More projects are adopting some form of Agile, the basis being iterative, incremental release points. The typical STBSI release cycle is [TWO] weeks, it can be more, say three weeks, or less, about a week. It all depends on the strength of your STBSI team, the maturity and stability of your components, and the willingness of your component vendors to be flexible in producing regular release drops. Traditionally DTB Component Providers, especially Middleware providers have been very poor in delivering continuous incremental releases - which has been the bane of many PAYTV Operator's projects because the Middleware providers lock the customer in to their own processes, rigid and slow, rather than bend to the norms of current trends of flexibility. Times are changing now, and these component vendors are realising their mistakes because PayTV operators are seeking alternatives - features must be deployed in the order of a couple of months rather than at least 6-12 months...

Coming back to the process, in a nutshell:
  • Assumes a Release Cycle is in the order of TWO working weeks, or 10 man-days
  • The work or backlog for the next release cycle is governed by the Release Schedule or BoM
  • The BoM is produced leading up to the Next Cycle, a few days in advance to allow Vendors to plan
  • The BoM is baselined at the start of the Release Cycle
  • The BoM is subject to change based on any new Showstopping defects the Project uncovers
  • Vendors are continually monitored to track the progress with burning down the issues assigned
  • Any deviation to the agreed BoM is subject to Programme/Management interventions
  • Vendors release their components at the end of the Release Cycle subject to meeting the Acceptance Criteria as defined by SI
  • [DTT] - is a placeholder for your own Defect Tracking Tool
  • [STBSI] - is a placeholder for your Integration Team
  • [Vendor] - can be used as a placeholder to replace if you only have one vendor, otherwise keep it generic

Is the Tool/Process Effective? Surely this goes against Agile? Is this Not PM Overkill?
I believe the complex, variable and unpredictable nature of a STB Project calls for some processes to provide some sense of control. This is especially true for STBSI teams who are new the to SI process and are in a state of chaos. I've seen this on past projects, and on introducing the tool, it brought a sigh of relief to the project as it allowed for all players to settle on a common understanding and goal. So yes, I believe the tool, a visual representation is always useful way of communicating a method of working.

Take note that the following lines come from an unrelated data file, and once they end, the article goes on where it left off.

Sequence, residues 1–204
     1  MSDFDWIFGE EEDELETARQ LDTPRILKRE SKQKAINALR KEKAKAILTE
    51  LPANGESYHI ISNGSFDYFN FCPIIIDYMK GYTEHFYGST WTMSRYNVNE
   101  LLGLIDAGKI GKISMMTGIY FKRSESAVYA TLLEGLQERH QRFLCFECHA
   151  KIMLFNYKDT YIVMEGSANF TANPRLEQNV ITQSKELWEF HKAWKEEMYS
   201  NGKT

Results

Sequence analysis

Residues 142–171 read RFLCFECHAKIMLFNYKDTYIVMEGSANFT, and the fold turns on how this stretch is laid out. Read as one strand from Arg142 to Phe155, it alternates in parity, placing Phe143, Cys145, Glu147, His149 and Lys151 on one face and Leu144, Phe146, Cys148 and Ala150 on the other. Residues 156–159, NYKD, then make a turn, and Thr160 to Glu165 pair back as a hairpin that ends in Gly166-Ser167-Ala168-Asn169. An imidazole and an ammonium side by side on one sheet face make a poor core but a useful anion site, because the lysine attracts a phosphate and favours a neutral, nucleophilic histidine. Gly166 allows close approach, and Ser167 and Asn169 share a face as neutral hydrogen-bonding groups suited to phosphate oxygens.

Is the Process Effective - it is as effective as the team responsible for execution. Like any process, there is some management, administration and diligent participation required from all impacted players. It certainly can make a Release Manager's life much easier, and planning more predictable. There is a time and place for instigating this process, so used prematurely, this BoM process might not be very effective, and could become a hindrance more than anything else.

Agile: First, I don't believe Agile or Scrum works well in the context of a STB project delivery, without a massive investment in management, contractual agreements between vendors, etc - such that the delivery is managed, end-to-end in an Agile manner. I will expand on this in a future post as to why I think Agile will not work in Digital TV Systems projects. The BoM process is iterative, and is aimed at producing incremental releases of sound functionality and stability. There is a Backlog, called the release schedule. Work is broken down and executed in release cycles, two week sprints. So the concepts of Agile are present, but the fundamental issue of leaving bug/fixing/stabilisation toward the end of the project cycle, after the initial development/integration cycle, indeed disobeys a fundamental rule of Agile/Scrum as delivering shippable, stable product at the end of each iteration - and doing so, would not call for a separate stabilisation/bug-fix stage...again, this is a topic for another post.

PM Overkill? To some yes, it might be. But to others, this brings a sense of clarity and purpose to a project delivery team. It sets the stage for Release Management, communicates the rules and behaviours expected from all parties, and establishes a baseline for communication and project escalation. So no, I don't believe this is Project Management Overkill!

1 comment:

  1. Quite a neat process and tool. Thanks for sharing!